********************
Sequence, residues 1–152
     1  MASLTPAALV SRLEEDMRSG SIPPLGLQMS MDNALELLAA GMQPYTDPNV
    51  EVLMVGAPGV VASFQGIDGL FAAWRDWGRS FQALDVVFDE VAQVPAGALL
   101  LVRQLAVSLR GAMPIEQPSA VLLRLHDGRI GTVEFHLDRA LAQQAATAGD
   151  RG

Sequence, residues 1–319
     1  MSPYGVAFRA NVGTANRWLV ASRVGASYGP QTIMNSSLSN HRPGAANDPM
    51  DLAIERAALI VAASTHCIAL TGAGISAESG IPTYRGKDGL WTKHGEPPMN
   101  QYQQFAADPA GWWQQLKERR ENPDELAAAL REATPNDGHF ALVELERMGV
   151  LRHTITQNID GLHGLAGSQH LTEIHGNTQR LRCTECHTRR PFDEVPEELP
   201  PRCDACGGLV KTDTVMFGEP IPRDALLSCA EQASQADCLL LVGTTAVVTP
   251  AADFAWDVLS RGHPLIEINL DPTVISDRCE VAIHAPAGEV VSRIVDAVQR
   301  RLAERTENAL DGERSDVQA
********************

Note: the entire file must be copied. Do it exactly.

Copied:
Sequence, residues 1–152
     1  MASLTPAALV SRLEEDMRSG SIPPLGLQMS MDNALELLAA GMQPYTDPNV
    51  EVLMVGAPGV VASFQGIDGL FAAWRDWGRS FQALDVVFDE VAQVPAGALL
   101  LVRQLAVSLR GAMPIEQPSA VLLRLHDGRI GTVEFHLDRA LAQQAATAGD
   151  RG

Sequence, residues 1–319
     1  MSPYGVAFRA NVGTANRWLV ASRVGASYGP QTIMNSSLSN HRPGAANDPM
    51  DLAIERAALI VAASTHCIAL TGAGISAESG IPTYRGKDGL WTKHGEPPMN
   101  QYQQFAADPA GWWQQLKERR ENPDELAAAL REATPNDGHF ALVELERMGV
   151  LRHTITQNID GLHGLAGSQH LTEIHGNTQR LRCTECHTRR PFDEVPEELP
   201  PRCDACGGLV KTDTVMFGEP IPRDALLSCA EQASQADCLL LVGTTAVVTP
   251  AADFAWDVLS RGHPLIEINL DPTVISDRCE VAIHAPAGEV VSRIVDAVQR
   301  RLAERTENAL DGERSDVQA